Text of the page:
>> <bengt.rutisson at oracle.com <mailto:bengt.rutisson at oracle.com>> wrote:
>> Hi Ramki,
>> Thanks for looking at this!
>> On 1/10/13 9:28 PM, Srinivas Ramakrishna wrote:
>>> Hi Bengt --
>>> The change looks reasonable, but I have a comment and a
>>> follow-up question.
>>> Not your change, but I'd elide the "half the real survivor
>>> size" since it's really a configurable parameter based on
>>> TargetSurvivorRatio with default half.
>>> I'd leave the comment as "set the new tenuring threshold and
>>> desired survivor size".
>> I'm fine with removing this from the comment, but I thought
>> the "half the real survivor size" aimed at the fact that we
>> pass only the "to" capacity and not the "from" capacity in to
>> compute_tenuring_threshold(). With that interpretation I
>> think the comment is correct.
>> Would you like me to remove it anyway? Either way is fine
>> with me.
>>> I'm curious though, as to what performance data prompted
>>> this change,
>> Good point. This change was preceded by an internal
>> discussion in the GC team, so I should probably have
>> explained the background more in my review request to the open.
>> I was comparing the ParNew and DefNew implementation since I
>> am seeing some strange differences in some SPECjbb2005
>> results. I am running ParNew with a single thread and get
>> much better score than with DefNew. But I also get higher
>> average GC times. So, I was trying to figure out what DefNew
>> and ParNew does differently.
>> When I was looking at DefNewGeneration::collect() and
>> ParNewGeneration::collect() I saw that they contain a whole
>> lot of code duplication. It would be tempting to try to
>> extract the common code out into DefNewGeneration since it is
>> the super class. But there are some minor differences. One of
>> them was this issue with how they handle the tenuring threshold.
>> We tried to figure out if there is a reason for ParNew and
>> DefNew to behave different in this regard. We could not come
>> up with any good reason for that. So, we needed to figure out
>> if we should change ParNew or DefNew to make them consistent.
>> The decision to change ParNew was based on two things. First,
>> it seems wrong to use the data from a collection that got
>> promotion failure. This collection will not have allowed the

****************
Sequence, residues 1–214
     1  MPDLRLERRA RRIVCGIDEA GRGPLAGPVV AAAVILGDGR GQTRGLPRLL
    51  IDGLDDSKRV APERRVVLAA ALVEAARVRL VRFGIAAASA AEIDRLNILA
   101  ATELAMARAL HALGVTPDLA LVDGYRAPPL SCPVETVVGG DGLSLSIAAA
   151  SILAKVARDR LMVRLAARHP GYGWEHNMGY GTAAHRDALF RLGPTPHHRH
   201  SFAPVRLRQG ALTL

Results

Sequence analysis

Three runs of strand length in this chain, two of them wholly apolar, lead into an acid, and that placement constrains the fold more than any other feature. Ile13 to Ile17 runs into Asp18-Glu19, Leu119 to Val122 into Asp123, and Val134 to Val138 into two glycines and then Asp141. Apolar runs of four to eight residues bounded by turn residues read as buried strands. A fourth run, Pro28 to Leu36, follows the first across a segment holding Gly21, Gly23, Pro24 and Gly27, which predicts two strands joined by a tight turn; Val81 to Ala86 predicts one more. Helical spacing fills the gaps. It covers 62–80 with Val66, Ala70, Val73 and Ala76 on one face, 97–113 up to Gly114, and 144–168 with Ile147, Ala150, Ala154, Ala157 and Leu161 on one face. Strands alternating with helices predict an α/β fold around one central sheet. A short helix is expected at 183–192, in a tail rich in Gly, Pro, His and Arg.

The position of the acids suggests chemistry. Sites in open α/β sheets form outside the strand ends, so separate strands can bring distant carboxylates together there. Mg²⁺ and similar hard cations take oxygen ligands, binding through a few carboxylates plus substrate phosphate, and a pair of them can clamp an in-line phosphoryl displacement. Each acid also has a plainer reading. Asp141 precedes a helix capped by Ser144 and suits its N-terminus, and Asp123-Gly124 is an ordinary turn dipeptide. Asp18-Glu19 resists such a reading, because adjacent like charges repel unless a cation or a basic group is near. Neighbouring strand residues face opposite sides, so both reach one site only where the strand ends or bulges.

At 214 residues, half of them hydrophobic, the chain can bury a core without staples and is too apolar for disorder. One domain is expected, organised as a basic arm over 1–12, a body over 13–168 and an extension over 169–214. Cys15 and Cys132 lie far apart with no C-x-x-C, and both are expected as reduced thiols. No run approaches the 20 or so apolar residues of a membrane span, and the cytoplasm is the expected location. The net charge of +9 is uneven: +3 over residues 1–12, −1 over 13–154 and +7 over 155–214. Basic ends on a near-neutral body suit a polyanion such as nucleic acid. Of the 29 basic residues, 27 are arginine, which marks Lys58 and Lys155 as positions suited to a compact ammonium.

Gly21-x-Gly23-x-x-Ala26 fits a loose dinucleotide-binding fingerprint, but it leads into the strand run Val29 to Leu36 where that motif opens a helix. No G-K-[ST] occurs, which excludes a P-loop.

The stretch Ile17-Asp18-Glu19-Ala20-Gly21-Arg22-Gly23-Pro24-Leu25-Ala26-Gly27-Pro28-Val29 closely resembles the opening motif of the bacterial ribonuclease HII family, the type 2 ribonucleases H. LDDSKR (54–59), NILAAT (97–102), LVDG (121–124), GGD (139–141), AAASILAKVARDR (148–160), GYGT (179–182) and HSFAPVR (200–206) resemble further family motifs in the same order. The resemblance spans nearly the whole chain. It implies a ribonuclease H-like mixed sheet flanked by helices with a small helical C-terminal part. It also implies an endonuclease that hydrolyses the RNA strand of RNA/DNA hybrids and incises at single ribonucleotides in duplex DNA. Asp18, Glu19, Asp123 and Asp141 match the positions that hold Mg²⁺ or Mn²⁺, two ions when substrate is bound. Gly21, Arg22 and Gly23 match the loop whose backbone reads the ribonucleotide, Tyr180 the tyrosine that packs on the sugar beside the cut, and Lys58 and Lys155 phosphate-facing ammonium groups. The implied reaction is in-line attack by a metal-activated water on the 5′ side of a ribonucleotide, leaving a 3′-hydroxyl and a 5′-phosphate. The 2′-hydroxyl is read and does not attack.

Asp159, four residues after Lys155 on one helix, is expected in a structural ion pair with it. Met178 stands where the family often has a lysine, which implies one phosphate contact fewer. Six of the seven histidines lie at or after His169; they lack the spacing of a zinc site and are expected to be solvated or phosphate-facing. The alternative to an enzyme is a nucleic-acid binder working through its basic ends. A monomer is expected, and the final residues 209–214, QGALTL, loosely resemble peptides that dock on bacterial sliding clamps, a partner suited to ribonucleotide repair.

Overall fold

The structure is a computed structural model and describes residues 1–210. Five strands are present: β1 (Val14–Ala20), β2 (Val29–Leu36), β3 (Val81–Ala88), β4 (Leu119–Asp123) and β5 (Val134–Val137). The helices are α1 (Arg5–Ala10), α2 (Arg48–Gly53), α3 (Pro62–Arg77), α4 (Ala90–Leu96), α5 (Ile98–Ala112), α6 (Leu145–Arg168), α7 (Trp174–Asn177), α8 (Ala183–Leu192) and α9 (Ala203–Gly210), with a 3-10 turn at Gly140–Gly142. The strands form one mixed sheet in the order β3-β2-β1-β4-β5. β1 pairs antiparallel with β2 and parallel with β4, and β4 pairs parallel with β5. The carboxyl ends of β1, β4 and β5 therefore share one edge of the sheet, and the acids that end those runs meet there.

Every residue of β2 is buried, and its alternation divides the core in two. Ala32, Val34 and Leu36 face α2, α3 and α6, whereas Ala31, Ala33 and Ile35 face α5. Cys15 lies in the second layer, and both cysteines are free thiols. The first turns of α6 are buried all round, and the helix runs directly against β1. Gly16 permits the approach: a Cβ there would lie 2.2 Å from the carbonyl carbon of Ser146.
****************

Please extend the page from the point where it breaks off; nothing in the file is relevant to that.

>> tenuring threshold to fulfill its purpose. Second,
>> ParallelScavenge works the same way as DefNew.
>> BTW, the difference between DefNew and ParNew seems to have
>> been there from the start. So, there is no bug or changeset
>> in mercurial or TeamWare to explain why the difference was
>> (Just to be clear, this difference was not the cause of my
>> performance issue. I still don't have a good explanation for
>> how ParNew can have longer GC times but better SPECjbb score.)
>>> and whether it might make sense, upon a promotion failure to
>>> do something about the tenuring threshold for the next
>>> scavenge (i.e. for example make the tenuring threshold half
>>> of its current value as a reaction to the fact that
>>> promotion failed). Is it currently left at its previous
>>> value or is it asjusted back to the default max value (which
>>> latter may be the wrong thing to do) or something else?
>> As far as I can tell the tenuring threshold is left untouched
>> if we get a promotion failure. It is probably a good idea to
>> update it in some way. But I would prefer to handle that as a
>> separate bug fix.
>> This change is mostly a small cleanup to make
>> DefNewGeneration::collect() and ParNewGeneration::collect()
>> be more consistent. We've done the thinking so, it's good to
>> make the change in preparation for the next person that comes
>> a long and has a few cycles over and would like to merge the
>> two collect() methods in some way.
>> Thanks again for looking at this!
>>> -- ramki
>>> On Thu, Jan 10, 2013 at 1:30 AM, Bengt Rutisson
>>> <bengt.rutisson at oracle.com
>>> <mailto:bengt.rutisson at oracle.com>> wrote:
>>> Hi everyone,
>>> Could I have a couple of reviews for this small change
>>> to make DefNew and ParNew be more consistent in the way
>>> they treat the tenuring threshold: